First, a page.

“My dad used to be in the army.” Another swift change of subject, before I’ve even had the chance to ask about his mum. “He was a stretcher-barer and he fought out in Burma. And you see this pin here?” he gestures to a VJ memorial pin on his jacket lapel. “I went to the VJ parade in London a couple of years ago and took my aunt – she’s eighty nine – and we got talking to someone there about my dad and he asked if we knew his army number. Well, my aunt did because she used to write to him all the time, and this man looked him up on this gadget he had, and he found my dad’s name and where he’d been and how many people he saved: thirty-two people in one night, when they came under fire. Amazing, isn’t it?”

It really is amazing. He goes on to tell me about a military document that came up on this ‘gadget’ in relation to his father, and it appears to be the big climax of the story, but unfortunately I can’t remember the name of it. “And you’ll never guess who it was signed by!” he says, and he’s right, because I am an ignorant young person who shamefully knows nothing about war and didn’t even know what VJ was until I got home and Googled it. “It was signed by General Slim!” I have to Google him at home as well, but it turns out he was a pretty big deal. I act suitably impressed when he tells me this, however, because I don’t want to disappoint him.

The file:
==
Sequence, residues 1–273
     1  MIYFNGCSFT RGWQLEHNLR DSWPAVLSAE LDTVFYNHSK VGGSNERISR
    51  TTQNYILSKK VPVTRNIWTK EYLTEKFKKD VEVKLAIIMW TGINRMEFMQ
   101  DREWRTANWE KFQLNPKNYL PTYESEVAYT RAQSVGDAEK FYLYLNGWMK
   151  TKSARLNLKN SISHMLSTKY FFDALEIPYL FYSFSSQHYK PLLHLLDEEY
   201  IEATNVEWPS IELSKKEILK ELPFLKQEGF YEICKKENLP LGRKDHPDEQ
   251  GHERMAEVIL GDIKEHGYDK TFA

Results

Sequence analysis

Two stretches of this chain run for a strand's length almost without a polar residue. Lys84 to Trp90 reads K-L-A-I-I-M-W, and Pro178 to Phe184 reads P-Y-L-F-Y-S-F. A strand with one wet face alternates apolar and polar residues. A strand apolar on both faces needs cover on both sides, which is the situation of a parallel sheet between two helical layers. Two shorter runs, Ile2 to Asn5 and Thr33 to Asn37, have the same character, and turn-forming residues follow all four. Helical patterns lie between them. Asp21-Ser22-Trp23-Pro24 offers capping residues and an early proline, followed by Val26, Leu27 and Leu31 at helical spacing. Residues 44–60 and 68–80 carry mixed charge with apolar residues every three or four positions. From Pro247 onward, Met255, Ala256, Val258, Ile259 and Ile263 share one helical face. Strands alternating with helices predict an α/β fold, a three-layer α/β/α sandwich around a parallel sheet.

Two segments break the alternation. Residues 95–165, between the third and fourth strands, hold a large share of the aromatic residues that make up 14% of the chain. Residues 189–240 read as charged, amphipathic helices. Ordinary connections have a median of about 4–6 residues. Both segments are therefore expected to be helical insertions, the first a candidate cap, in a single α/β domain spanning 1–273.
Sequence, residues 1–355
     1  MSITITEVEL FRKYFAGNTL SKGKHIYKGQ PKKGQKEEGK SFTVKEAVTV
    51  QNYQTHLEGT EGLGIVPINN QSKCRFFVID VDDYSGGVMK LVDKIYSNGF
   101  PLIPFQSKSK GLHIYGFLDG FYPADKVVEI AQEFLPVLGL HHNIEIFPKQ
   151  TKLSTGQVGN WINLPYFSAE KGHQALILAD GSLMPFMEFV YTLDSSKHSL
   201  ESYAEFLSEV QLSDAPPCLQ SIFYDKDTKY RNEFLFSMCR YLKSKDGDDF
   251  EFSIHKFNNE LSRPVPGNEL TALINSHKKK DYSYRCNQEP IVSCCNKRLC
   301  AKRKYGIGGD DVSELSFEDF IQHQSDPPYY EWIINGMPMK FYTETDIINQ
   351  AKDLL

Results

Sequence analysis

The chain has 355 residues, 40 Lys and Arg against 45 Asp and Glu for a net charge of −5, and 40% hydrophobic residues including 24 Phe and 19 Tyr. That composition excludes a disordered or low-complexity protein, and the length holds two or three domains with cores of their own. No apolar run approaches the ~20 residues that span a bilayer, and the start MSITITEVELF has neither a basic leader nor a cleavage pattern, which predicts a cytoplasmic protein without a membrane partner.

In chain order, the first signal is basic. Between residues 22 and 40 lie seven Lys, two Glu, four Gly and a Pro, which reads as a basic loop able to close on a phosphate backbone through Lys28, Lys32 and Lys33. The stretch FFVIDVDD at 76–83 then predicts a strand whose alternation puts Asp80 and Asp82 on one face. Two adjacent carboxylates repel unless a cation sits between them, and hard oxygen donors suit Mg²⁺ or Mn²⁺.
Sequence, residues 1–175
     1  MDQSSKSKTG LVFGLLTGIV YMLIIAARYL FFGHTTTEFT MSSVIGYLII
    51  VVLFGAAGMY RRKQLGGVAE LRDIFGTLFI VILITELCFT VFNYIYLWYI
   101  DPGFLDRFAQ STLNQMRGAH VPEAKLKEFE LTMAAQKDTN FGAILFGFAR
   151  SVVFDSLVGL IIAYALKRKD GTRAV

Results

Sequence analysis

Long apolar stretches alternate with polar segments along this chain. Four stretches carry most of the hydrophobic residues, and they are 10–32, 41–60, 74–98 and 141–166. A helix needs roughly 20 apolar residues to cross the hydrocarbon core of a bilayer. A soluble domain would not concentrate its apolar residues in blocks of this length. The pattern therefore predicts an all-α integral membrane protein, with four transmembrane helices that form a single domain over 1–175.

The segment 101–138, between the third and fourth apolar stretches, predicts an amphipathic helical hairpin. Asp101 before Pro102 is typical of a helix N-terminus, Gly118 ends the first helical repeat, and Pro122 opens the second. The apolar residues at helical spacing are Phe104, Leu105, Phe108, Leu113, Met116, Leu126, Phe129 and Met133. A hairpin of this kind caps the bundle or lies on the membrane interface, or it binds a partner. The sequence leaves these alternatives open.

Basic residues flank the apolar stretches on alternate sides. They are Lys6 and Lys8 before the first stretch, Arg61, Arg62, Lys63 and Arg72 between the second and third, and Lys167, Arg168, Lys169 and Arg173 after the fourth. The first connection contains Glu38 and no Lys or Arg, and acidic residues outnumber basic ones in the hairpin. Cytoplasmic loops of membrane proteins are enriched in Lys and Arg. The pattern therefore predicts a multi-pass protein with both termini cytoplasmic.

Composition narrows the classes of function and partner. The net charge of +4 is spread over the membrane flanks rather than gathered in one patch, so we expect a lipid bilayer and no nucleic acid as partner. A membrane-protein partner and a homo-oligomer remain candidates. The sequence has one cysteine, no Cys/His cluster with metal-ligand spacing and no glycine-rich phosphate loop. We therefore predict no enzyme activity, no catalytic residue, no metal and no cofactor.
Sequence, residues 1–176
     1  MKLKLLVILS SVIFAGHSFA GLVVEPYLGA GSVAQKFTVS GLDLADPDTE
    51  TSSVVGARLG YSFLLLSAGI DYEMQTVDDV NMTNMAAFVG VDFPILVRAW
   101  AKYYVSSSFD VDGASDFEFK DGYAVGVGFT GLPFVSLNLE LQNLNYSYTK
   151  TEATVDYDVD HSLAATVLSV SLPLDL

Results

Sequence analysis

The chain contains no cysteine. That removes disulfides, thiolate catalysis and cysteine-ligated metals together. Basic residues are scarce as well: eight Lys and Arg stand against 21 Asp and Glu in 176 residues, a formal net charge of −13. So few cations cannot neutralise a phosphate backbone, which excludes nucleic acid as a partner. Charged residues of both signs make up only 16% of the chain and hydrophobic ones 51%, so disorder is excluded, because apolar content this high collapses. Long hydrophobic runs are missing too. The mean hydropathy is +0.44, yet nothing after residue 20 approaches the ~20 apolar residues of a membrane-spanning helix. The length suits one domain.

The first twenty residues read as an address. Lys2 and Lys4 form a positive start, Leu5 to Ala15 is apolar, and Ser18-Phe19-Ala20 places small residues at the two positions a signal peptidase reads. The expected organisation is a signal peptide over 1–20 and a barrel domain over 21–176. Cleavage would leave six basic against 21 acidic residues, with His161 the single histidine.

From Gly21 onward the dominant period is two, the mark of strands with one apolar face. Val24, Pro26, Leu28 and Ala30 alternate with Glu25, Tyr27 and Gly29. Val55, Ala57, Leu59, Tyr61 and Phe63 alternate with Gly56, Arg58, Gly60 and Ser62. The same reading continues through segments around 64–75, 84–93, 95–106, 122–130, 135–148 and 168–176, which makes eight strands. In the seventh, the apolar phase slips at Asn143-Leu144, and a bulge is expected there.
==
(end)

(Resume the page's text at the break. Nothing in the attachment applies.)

“I’ve never stepped foot out of England,” he says next, not sadly, but completely matter of fact. “I don’t even own a passport.” This surprises me, given his colourful past.

“Why not?” I ask.

“Well, I always lived with my mum and dad. I looked after my mum when my dad was away, and then I looked after both of them. My dad worked for 30 years on the buses when he retired from the army. I always stayed with them. And then my mum died and I looked after my dad.”

“It’s never too late!” I say, optimistically.

“Well now my aunt’s coming to live with me. She’s eighty nine, so it’s for the best.”

And before I have time to learn anything else, he’s reaching for the bell as we approach Baker Street Station and he gets up to leave. I’m half tempted to follow him, but that’s probably a bit weird.

“It was really nice to talk to you,” he says.

“Yes, you too, Jim.” And I really, really mean it. I could have listened to him tell me things all night.

We should all talk more to old people; they know a lot of cool stuff we don’t.